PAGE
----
SCOPE write-up

The Frankenstein GRID is Stanford's very own monster of modern science. For just over one week, visitors may encounter its glowing face, witness its hallucinations, and hear its voice.

The outdoor monument stands as a 20ft high 30ft wide lattice of laser beams among the trees. Video and audio compositions immerse the viewer through sound environment and waterscreen projection. Over twenty-five artists are represented. Some pieces include ongoing scientific research.


What is our relationship with modern science individually and societally? How does modern science shape our relations to our environment and ourselves? What agency can we, should we claim over it? These are the questions that GRID raises two hundred years after Mary Shelley illuminated science’s tragic potential for monstrosity in 'Frankenstein'. Rather than asserting answers, GRID provides a framework for multi-sensory explorations by a program of artists, several of whom are professional scientists themselves.

The intersections of GRID’s lattice can be viewed as stitches. Stitches constitute a central, threefold theme of this project: they are a signature of the 'Frankenstein' monster’s ghoulish appearance in the popular imagination; they recall terrible process by which Dr. Frankenstein created his monster in Shelley’s novel; and they present a fitting metaphor for modern science’s relationship with the world. Like stitches, science continues to heal and disfigure us. As we enter the Anthropocene, recommended as a geological time frame at the 35th International Geological Congress in 2016, our ability to manipulate our environment has reached unprecedented extent, and yet our ability to do so responsibly on a global—and perhaps existential—scale remains elusive. Meanwhile, technology both animate and inanimate erodes the boundaries of ‘human’ even as it safeguards and enhances life. The opening questions can, therefore, feel fraught, charged, and simply vague. GRID creates a space where visitors can reflect upon and enrich their own sense of engagement with them.

What is GRID as symbol?

GRID is a monument to modern science. It dwarfs the viewer with objectivity’s foundational tool: a geometrical plane. The narrative of modern science itself has undergone various revolutions, but its tenets of measurement, quantification, and abstraction remain definitive. GRID presents the ephemeral table upon which the pursuit of knowledge continues to be built. In fact, the 1960s movement which the structure artistically recalls might be cited for the two pillars of observable fact: light and space.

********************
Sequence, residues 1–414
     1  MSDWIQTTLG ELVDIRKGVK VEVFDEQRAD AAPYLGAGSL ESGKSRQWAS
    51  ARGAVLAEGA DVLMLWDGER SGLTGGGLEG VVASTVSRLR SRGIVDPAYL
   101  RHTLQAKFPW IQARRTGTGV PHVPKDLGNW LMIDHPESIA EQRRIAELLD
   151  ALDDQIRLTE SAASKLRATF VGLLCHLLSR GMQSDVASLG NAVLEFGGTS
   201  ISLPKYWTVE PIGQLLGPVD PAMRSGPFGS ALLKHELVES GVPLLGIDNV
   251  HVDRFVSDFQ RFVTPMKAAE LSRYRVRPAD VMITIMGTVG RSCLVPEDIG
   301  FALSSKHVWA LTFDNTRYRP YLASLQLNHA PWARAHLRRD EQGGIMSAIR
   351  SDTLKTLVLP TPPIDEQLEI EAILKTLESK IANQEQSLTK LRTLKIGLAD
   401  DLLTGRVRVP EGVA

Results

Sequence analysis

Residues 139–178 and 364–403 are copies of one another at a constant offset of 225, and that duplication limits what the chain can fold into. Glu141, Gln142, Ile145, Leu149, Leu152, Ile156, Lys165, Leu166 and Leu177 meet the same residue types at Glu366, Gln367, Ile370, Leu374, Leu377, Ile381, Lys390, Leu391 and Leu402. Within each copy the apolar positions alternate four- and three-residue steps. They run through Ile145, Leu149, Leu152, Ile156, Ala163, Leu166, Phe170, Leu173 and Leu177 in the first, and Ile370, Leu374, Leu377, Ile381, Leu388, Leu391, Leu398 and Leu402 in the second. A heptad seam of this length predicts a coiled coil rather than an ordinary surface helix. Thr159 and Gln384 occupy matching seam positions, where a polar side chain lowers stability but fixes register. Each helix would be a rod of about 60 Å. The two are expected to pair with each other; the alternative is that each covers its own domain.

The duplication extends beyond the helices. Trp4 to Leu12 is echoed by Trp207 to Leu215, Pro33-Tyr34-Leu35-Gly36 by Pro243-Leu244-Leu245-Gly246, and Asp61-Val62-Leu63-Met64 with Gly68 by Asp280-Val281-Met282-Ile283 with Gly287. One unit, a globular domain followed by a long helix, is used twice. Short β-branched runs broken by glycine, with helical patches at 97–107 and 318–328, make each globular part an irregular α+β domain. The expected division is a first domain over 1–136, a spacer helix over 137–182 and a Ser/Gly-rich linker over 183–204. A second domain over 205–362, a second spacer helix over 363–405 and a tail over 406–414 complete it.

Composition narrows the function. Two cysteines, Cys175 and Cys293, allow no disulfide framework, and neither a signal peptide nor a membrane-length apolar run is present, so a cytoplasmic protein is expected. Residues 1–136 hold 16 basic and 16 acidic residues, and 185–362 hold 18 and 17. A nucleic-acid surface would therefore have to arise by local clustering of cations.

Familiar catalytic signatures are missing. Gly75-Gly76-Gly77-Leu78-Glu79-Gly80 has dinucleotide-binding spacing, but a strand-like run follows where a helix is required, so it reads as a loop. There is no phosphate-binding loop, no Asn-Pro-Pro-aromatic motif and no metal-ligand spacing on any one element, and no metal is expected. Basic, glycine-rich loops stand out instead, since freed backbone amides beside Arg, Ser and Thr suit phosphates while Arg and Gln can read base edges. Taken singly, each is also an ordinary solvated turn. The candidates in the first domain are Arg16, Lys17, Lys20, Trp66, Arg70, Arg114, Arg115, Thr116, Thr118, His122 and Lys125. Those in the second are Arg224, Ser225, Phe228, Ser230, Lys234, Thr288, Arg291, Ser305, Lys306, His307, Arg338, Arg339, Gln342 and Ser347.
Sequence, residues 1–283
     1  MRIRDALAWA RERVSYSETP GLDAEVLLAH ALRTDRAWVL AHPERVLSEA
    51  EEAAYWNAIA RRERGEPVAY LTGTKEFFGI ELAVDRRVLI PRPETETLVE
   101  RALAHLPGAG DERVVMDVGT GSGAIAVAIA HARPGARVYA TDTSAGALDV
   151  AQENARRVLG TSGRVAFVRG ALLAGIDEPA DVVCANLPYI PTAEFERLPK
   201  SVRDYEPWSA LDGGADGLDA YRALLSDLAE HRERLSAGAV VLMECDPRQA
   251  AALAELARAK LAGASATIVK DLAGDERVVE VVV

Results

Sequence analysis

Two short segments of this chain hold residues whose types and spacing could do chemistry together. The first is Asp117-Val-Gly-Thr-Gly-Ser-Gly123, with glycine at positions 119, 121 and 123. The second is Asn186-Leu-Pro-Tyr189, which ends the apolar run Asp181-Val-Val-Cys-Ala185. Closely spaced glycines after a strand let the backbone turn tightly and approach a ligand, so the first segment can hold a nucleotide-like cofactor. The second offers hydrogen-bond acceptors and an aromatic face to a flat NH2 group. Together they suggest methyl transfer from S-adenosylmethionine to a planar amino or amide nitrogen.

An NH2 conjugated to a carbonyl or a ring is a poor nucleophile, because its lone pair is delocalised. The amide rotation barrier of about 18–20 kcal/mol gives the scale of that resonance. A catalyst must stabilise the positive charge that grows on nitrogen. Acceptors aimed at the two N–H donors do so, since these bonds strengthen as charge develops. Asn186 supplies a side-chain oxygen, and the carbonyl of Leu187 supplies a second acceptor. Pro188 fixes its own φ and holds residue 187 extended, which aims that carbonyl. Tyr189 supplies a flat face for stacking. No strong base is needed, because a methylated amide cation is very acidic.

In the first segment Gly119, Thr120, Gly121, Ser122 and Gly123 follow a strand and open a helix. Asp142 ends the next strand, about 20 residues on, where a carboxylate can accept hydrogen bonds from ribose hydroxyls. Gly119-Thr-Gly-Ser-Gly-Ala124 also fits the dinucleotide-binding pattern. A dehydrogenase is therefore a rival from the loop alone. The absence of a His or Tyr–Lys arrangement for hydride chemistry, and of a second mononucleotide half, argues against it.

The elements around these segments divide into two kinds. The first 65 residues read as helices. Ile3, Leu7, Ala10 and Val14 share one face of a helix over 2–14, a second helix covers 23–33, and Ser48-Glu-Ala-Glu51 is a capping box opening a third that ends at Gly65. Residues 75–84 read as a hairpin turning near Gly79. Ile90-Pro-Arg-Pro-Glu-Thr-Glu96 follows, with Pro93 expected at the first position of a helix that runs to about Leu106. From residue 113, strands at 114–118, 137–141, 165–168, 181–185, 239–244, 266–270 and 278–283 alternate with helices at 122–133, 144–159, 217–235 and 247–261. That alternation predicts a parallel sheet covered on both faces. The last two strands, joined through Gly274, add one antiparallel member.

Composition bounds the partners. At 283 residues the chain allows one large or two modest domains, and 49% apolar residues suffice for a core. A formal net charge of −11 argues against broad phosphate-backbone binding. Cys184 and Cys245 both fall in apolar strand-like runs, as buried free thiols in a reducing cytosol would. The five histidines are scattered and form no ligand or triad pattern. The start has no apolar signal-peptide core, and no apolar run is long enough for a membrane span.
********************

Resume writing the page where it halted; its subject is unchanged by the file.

GRID’s outdoor location establishes a juxtaposition between the abstract face of science and nature as its concrete interlocutor—in this case, Stanford’s iconic trees. Yet another complementarity lies one hundred feet away in the form of Andy Goldsworthy’s 'Stone River'. If 'Stone River' creates a subtle and winding path intertwined with its natural surroundings, GRID stands in artificial and bombastic dissonance awaiting a projected narrative. Perhaps the only quality linking these analogue and digital forms is their shared sense of timelessness.

What is GRID as experience?

Despite its obvious homage to light, GRID undermines science’s “tyranny of the eye” by creating an immersive sound environment. Visitors are invited to bring blankets and recline for any amount of the two-hour showings. Each evening focuses on a different theme. The opening and closing 30min feature solely GRID and sound environment; the central hour showcases a celebratory and critical variety of video compositions, live performance art, and concerts.

The current distinction between “art and science” emerged with the modernization of natural knowledge. GRID’s phantasmagoric quality evokes the tradition of science as popular spectacle that, ironically, accompanied this divisive process. GRID joins in the many ongoing efforts to restore a healthy spectrum to this binary.

With Thanks

With special thanks to our sponsors: Stanford Medicine and the Muse Program Frankenstein@200 Initiative, the Department of Psychiatry and Behavioral Sciences Chair’s Initiative in Medical Humanities, the Department of Theater and Performance Studies, and the Center for Computer Research in Music and Acoustics.

Medicine and the Muse Frankenstein@200